In the Nation’s Asthma Capital, a Battle Over Biomass Rages
A Massachusetts bill classifying biomass as renewable reignites a decade-old fight
When Tanisha Arena thinks of the proposed biomass facility in Springfield, Massachusetts, she remembers a recent fire in a nearby trash incinerator that blanketed her neighborhood in smoke. That smoke was the last thing her city needed, she said. It was October, in the middle of allergy season and a respiratory pandemic, in the asthma capital of the United States.
When Arena remembers hiding from that smoke, she imagines a biomass incinerator burning wood in her backyard. Her community cannot handle any more pollution, she said.
Arena is the executive director of the Springfield group Arise for Social Justice, which has been fighting the biomass plant—proposed by Palmer Renewable Energy—for over 10 years. Now, language in a Massachusetts House bill could make biomass eligible for certain renewable energy credits, potentially paving the way for the incinerator's construction.
With a few weeks left in the legislative session, local activists are circulating a petition with almost 7,000 signatures.
“We’ve protested, marched, written letters. The Springfield climate justice coalition has been making phone calls, drafting letters to the editors to say we don’t want this here,” Arena said. “Our message is clear, but there is this push to not let this plant die.”
Palmer Renewable Energy did not respond to multiple requests for comment.
Critiques of biomass center on two major impacts: environmental health and human health. Activists in Springfield first challenged the plant to protect the latter: the health of their community.
In the Massachusetts Environmental Justice Viewer map, Springfield is a patchwork of color. Each color indicates a reason why the Massachusetts government dubbed that neighborhood an “environmental justice population.” Nearly all of Springfield qualifies for this classification, by minority population (at least 25 percent of residents identify as a race other than white), income level (median household income is 65 percent or less of the statewide median), and “English isolation” (at least 25 percent of households have no adults who speak English well), or some combination of those factors.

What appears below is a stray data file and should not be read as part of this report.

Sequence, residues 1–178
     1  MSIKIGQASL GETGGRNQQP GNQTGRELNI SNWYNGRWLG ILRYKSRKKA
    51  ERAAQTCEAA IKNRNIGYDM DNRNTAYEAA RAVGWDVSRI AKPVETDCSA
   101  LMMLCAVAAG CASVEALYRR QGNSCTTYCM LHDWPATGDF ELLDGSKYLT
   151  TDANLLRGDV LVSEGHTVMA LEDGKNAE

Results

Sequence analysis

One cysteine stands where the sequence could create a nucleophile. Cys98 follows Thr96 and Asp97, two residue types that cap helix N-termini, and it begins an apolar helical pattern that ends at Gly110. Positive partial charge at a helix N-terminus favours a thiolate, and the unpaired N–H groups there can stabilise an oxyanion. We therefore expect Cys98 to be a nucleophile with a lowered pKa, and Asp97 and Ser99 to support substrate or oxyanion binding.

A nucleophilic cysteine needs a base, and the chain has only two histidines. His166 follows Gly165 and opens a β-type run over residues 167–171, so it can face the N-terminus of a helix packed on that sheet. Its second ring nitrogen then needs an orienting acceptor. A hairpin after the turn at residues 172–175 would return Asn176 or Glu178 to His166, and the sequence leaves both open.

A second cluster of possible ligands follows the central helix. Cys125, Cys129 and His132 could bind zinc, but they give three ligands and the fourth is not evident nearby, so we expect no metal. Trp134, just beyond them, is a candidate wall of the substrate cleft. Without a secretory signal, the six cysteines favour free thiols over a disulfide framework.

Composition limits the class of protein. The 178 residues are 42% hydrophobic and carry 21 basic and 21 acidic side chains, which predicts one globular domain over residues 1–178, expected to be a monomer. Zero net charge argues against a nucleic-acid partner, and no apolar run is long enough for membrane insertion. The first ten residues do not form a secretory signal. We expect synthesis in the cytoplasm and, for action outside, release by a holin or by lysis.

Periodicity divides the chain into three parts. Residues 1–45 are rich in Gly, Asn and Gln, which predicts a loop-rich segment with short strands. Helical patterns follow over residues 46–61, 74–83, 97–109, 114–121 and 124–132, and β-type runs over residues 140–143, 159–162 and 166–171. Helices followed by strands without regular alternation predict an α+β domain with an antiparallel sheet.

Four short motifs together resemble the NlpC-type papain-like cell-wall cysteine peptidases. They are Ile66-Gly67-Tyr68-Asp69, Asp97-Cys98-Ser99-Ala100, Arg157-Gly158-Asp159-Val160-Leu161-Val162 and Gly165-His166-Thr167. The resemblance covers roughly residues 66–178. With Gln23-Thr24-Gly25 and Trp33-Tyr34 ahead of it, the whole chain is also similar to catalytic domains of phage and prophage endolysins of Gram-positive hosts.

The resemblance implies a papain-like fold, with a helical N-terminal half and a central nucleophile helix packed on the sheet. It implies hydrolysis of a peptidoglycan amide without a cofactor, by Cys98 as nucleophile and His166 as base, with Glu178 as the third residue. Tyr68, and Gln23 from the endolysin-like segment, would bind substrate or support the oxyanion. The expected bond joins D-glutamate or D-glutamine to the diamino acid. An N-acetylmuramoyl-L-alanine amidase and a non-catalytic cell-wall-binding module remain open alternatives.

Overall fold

In Springfield, a fifth of residents are Black, and nearly half are Latino. There’s a large Puerto Rican population for whom English is a second language. Nearly 30 percent of the city is in poverty. Compared with the state of Massachusetts, Springfield has low household income, low educational performance, and high unemployment. Hampden County—of which Springfield is the county seat—did not have the highest rates of COVID-19 in the state, but it did have the highest rates of COVID-19 deaths.
Besides the demographic vulnerabilities, Springfield has a geographic one. The city sits in a valley, a six-lane highway running through it. Air pollution concentrates in that valley, making it harder for residents to breathe. That’s part of the reason why, for the second year in a row, the Asthma and Allergy Foundation of America named Springfield the number one asthma capital in the United States.
“Where do they want to put a biomass plant? It's not an affluent community, not in places where there are predominantly white people. It's only in communities where there are Black and brown people,” Arena said. “This is not just about a singular biomass plant.”
What it’s about, Arena said, is a continued environmental assault on communities of color. Springfield has the highest number of asthma-related emergency room visits in the nation.